Lipoprotein Size Determinations

    The average sizes of HDL, LDL, and VLDL were determined with proton NMR spectroscopy by Dr James Otvos (University of North Carolina ).19

    Statistical Analysis

    The present study was a standard 2-treatment, 2-period crossover trial. We compared mean differences between the 2 diets with a Wilcoxon signed-rank test. The null hypothesis for this test is that there is no difference between the 2 diets. The correlations between the dose of EtOH and the EtOH diet–induced changes in HDL and related parameters were examined with Pearson’s correlation, as were the correlations between changes in HDL-C and the changes in HDL turnover parameters. A similar analysis with Spearman’s rank order correlations gave similar results. The statistical software package S-Plus 3.4 for Windows was used for data analysis.


    Baseline characteristics, EtOH intake, and plasma lipid and lipoprotein values during the control and EtOH diets are shown for each subject in Table 1. The subjects varied in age from 21 to 70 years (mean±SD 53.3±15.9 years), in weight from 51.4 to 97.5 kg (75.7±14.6 kg), and in body mass index from 18.9 to 35.0 kg/m2 (25.6±4.2 kg/m2), and they consumed alcohol in an amount ranging from 0.20 to 0.81 g · kg−1 · d−1 (0.45±0.19 g · kg−1 · d−1). There was no significant change in weight or physical activity during and between the 2 turnover studies.

    The results of the paired HDL turnover studies with the control and EtOH diets are shown in Table 2. The apoA-I concentrations were 10% higher (P=0.048) with the EtOH compared with the control diet, associated with a 21% increase in apoA-I TR (P=0.041) but no significant change in apoA-I FCR (P=0.12). Similarly, apoA-II concentrations were 17% higher (P=0.005) with the EtOH compared with the control diet, with a 19% increase in apoA-II TR (P=0.016) but no significant change in apoA-II FCR (P=0.92). Thus, alcohol intake appears to increase HDL-C concentrations via an increase in the TR of the 2 major HDL apolipoproteins apoA-I and -II.

    Alcohol intake altered the activity of both endothelial lipases in directions believed to lower atherosclerosis risk. HL concentrations were 8% lower (P=0.01) on the EtOH diet, whereas LPL concentrations were 23% higher (P=0.001).


    Several observational studies suggest that moderate alcohol intake reduces the risk of atherosclerosis, and the major mechanism appears to be the well known ability of alcohol to raise HDL-C concentrations.52021222324 Despite this, the metabolic pathway or pathways by which alcohol increases HDL-C concentrations are not well understood. Because the liver is reported to be the major site of apoA-I synthesis25 and because alcohol increases apoA-I production in transformed human hepatocytes,262728 we hypothesized that alcohol raises HDL-C primarily by raising the TR of apoA-I and -II. In paired metabolic HDL apolipoprotein turnover studies, we found that dietary alcohol increases the TR of both apoA-I and -II, roughly to the same degree as the increase in their concentrations and in the HDL-C concentration. We also found that the amount of alcohol consumed predicted the degree of increase in the TR and that both correlated with the increase in HDL-C. These results suggest that the increase in TR is the major mechanism by which alcohol consumption raises HDL-C.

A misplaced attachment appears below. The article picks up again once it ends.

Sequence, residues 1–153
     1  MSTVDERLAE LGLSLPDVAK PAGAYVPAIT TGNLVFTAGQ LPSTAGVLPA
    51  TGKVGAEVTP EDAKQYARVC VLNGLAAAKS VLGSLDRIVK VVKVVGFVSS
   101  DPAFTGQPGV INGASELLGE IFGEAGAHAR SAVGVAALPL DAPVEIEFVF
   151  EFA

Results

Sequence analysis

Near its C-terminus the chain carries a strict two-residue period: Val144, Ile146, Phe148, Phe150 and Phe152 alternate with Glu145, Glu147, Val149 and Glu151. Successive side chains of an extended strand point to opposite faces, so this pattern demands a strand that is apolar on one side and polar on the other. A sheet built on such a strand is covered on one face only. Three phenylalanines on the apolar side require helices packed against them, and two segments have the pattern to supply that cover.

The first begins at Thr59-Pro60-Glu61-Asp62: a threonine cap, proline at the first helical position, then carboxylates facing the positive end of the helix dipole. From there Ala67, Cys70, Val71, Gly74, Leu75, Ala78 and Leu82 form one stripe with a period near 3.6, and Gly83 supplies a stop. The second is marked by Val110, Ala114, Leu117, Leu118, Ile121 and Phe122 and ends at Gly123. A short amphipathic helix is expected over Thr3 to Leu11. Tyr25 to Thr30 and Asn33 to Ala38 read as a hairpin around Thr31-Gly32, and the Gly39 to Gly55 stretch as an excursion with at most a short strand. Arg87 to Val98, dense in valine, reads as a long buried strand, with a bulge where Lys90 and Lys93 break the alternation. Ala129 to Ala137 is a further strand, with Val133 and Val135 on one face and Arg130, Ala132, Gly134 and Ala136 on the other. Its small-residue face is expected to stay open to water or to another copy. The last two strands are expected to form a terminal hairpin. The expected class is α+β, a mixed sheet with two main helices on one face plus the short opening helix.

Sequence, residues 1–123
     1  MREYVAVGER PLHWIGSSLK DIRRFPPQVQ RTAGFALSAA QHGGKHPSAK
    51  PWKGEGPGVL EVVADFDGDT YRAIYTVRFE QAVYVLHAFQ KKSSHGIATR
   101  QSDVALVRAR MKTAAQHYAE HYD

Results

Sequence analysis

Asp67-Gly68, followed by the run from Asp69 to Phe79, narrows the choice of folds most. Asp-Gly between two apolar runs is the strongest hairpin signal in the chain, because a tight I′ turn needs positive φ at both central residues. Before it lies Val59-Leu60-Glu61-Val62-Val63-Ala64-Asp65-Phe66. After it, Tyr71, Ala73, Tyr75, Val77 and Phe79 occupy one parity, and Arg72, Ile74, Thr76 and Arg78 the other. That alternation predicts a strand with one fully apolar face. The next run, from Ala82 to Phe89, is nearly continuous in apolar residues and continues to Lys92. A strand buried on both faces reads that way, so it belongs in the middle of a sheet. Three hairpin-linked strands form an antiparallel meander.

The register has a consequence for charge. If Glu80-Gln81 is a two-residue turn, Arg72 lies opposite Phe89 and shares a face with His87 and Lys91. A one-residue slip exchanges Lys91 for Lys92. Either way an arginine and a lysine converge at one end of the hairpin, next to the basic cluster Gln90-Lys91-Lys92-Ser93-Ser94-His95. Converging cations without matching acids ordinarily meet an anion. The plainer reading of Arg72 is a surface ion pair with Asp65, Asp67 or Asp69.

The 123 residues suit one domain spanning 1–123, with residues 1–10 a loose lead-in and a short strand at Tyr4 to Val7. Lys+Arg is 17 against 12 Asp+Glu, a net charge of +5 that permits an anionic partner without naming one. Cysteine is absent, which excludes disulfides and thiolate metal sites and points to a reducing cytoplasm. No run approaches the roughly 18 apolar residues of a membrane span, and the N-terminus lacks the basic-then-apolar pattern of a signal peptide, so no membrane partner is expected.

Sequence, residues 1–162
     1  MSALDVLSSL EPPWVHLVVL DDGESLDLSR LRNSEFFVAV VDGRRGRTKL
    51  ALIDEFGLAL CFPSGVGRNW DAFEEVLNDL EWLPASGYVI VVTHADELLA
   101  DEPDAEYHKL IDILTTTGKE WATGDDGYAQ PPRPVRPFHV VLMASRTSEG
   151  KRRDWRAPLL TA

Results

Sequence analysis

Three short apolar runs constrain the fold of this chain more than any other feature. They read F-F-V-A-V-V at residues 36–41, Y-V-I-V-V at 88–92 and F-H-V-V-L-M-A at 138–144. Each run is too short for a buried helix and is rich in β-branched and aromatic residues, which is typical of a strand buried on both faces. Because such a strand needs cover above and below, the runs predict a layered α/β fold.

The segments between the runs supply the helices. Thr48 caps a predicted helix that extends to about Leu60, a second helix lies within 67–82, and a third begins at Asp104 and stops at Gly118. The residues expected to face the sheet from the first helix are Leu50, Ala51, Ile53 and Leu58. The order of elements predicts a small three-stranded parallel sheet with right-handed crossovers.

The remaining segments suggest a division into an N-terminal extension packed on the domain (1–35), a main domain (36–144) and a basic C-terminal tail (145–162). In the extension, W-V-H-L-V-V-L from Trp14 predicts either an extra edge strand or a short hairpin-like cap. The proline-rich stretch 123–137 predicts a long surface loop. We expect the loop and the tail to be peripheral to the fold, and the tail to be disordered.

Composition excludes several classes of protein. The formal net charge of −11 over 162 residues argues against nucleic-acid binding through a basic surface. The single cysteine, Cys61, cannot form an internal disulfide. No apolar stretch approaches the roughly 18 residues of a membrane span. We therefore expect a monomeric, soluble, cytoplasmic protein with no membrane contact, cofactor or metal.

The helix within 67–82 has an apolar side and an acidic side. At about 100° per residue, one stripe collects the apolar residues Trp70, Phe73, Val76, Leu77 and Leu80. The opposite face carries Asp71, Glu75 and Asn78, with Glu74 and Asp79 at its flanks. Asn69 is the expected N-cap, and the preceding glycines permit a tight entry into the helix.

Our results in part confirm and in part contradict the results of the only 2 published studies of which we are aware that explore the effects of alcohol consumption on HDL turnover in human subjects.910 Malmendier and Delcroix9 studied apoA-I metabolism in 7 healthy nonobese men before and during a 4-week intake of 60 to 70 g EtOH/d and found a 49% increase in the TR and a 30% increase in the FCR of apoA-I. Thus, we confirm their finding that a prominent effect of alcohol on HDL turnover is an increase in apoA-I TR. The fact that the degree of increase in apoA-I TR in their study was more than double that seen in the present study may be due to their use of twice as much alcohol (60 to 70 g/d versus 33 g/d mean in our study), especially given our evidence for a dose-response effect in the range of 13 to 51 g/d. Surprisingly, they saw no increase in HDL-C (2% rise, NS), which is inconsistent with almost all other human studies and perhaps due to confounding from the small number of subjects and the relative lack of dietary control. It might also reflect a counterbalancing of the increase in apoA-I TR by a significant 30% increase in the apoA-I FCR, although they did report a statistically significant 12% increase in plasma apoA-I concentrations. In a second, smaller study by Gottrand et al,10 5 normolipemic men received 50 g/d EtOH as red wine added to a metabolic diet, apparently without any compensating reduction in other caloric intake. Alcohol induced a 14% increase in HDL-C accompanied by 20% and 60% increases in apoA-I and -II concentrations, respectively. They reported no change in the TR of either apoA-I or apoA-II; although a trend to increased TR was observed (11% and 18%, respectively). They did not find a significant change in apoA-I FCR, which is in agreement with our result but not with those of Malmendier and Delcroix,9 whereas the 21% decrease in apoA-II FCR reported by Gottrand et al10 was found by neither Malmendier and Delcroix9 nor us. These apparent discrepancies may be explained by the very small numbers of subjects in the prior studies, their lesser dietary control, and, in the case of the study by Gottrand et al,10 the intake of the many nonalcoholic components of wine.